Pink Vomit, Empty Pockets

Dear Money & Crisis Reader,

Memory is a funny thing.

I can remember all the way back to my first year of schooling.

Not the whole thing or in perfect clarity or anything. But certainly key events.

Like the exchange student who drank too much strawberry milk and puked all over one of the girls. His vomit had turned luminous pink from the milk and he was pumping it out like a fire hose.

Spectacular. And a visual I’m going to remember until the day I die.

Some folks claim they can remember back even further than that. Seniors in their 60s and 70s who can recall specific moments from before they can even speak or walk.

And yet, when it comes to certain life lessons, we humans seem to forget all too quickly.

Like for example, the 2008 financial crisis.

It caught many of us off guard. We lost a lot of money. And we swore we would never be unprepared for a crisis again.

For a while, folks seemed to take that idea to heart. They took ownership over their finances and started to build robust emergency funds.

Year after year, average financial security built and built, peaking in 2012 with some of the highest savings numbers we’ve ever seen in the U.S.

And then, everyone just…


The following year, as the memory of 2008 started to fade from the collective unconscious, the savings rate plummeted to as low as they’ve ever been.

And now, as we close out 2018, more than half of Americans couldn’t come up with the money to cover a small emergency expense of $400 — let alone deal with a real financial crisis.

Which is especially reckless considering a full-blown recession is on the cards next year.

Financial expert Jim Rickards knows it. I know it. Heck, even the overly optimistic Labradors writing for the mainstream media are starting to catch on.

And it’s going to be a hell of a lot messier and harder to clean up than some pink vomit.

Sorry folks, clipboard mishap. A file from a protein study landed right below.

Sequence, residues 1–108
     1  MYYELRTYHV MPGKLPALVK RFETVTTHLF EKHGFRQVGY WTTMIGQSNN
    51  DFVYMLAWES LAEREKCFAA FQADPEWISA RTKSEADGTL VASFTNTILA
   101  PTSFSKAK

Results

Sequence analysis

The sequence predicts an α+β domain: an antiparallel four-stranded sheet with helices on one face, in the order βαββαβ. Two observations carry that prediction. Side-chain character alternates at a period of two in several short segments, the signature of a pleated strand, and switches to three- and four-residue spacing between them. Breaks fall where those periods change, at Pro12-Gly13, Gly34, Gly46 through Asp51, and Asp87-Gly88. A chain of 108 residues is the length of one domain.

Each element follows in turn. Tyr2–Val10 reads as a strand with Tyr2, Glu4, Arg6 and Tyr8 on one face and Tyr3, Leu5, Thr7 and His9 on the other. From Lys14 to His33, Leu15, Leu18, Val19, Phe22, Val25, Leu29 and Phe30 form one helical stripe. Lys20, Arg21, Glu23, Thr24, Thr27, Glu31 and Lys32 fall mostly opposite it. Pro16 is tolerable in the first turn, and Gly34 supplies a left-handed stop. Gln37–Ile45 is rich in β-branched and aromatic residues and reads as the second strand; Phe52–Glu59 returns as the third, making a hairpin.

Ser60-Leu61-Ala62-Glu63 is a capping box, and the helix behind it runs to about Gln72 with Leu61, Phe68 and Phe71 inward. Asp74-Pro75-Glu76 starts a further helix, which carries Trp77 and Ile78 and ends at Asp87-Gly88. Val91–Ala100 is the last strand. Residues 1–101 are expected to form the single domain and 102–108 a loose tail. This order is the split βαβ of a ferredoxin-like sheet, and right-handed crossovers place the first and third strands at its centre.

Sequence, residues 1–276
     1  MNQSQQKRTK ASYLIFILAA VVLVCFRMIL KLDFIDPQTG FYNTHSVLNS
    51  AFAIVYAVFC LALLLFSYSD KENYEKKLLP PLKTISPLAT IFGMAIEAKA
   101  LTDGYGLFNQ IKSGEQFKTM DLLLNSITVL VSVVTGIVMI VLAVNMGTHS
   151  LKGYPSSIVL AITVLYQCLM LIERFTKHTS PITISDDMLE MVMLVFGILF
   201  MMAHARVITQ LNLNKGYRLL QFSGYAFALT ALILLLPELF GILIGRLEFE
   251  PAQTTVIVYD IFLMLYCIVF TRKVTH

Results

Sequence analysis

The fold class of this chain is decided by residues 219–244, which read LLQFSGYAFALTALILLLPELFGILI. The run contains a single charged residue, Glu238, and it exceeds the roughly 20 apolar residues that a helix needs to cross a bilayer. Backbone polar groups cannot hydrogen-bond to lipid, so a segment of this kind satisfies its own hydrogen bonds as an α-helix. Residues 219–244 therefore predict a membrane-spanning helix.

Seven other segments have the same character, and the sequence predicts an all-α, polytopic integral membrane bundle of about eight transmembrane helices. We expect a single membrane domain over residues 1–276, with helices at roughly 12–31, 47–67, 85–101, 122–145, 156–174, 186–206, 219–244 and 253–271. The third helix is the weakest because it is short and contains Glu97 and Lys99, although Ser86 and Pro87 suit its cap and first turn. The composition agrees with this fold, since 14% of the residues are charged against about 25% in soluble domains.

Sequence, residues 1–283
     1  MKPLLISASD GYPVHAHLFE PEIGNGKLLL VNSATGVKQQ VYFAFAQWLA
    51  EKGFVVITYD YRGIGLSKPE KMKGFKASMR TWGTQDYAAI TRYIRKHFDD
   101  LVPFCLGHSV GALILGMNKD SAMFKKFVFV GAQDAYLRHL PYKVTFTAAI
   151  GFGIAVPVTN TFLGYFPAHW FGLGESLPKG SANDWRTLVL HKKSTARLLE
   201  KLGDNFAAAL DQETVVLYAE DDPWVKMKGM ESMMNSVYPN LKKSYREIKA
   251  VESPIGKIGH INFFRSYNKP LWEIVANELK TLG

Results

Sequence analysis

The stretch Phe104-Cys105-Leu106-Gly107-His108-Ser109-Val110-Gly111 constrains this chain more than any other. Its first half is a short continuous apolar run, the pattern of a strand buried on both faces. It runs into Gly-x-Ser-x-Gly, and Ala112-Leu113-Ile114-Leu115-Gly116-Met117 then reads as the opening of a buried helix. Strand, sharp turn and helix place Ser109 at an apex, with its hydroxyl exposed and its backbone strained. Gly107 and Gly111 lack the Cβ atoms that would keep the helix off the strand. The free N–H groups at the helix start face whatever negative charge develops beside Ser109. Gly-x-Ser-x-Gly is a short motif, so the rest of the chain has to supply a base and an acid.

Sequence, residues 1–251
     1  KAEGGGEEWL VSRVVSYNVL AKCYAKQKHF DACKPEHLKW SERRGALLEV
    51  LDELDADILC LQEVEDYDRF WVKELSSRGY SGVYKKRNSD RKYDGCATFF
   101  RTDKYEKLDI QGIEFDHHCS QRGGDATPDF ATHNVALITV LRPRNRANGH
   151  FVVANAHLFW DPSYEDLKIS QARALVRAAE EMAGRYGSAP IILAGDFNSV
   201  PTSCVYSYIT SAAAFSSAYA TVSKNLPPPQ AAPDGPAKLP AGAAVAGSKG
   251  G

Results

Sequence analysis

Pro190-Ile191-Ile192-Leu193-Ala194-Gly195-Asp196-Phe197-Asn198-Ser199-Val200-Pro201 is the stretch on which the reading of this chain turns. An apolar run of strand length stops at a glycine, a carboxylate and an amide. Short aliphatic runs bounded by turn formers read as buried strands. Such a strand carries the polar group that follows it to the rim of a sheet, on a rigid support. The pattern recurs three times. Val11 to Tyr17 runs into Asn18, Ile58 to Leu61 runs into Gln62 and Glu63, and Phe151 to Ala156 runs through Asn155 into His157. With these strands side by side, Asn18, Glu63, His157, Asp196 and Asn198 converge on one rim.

In today’s issue of Money & Crisis, Jim Rickards — one of the few experts who actually predicted the 2008 crash — delves into the root cause of the 2019 crisis.

All the best,

Owen Sullivan

Owen Sullivan
Editor, Money & Crisis

P.S. After 15 years of secrecy, Jim is finally able to reveal this sensitive information. You don’t know this, but Jim developed a special tool many years ago while working with the U.S. government. “Project Prophesy,” as it’s now known, can predict surprising political and economic events before they happen. Click here for Jim’s shocking confession.

The Fed Is “Triple Tightening” Into Crisis

Jim RickardsIt’s my job to point out the risks to the financial system and to help people prepare for the next crisis.

Of course, central banks are a big part of the problem. If you have defective and obsolete models, you will produce incorrect analysis and bad policy every time.

And there’s no better example of this than the Federal Reserve.

  • The Fed uses equilibrium models to understand an economy that is not an equilibrium system — it’s a complex dynamic system.
  • It uses the Phillips curve to understand the relationship between unemployment and inflation — when 50 years of data say there is no fixed relationship.
  • And it uses “value at risk” modeling based on normally distributed events — when the evidence is clear that the degree distribution of risk events is a power curve, not a normal or bell curve.

As a result of these defective models, the Fed printed $3.5 trillion of new money beginning in 2008 to “stimulate” the economy, only to produce the weakest recovery in history.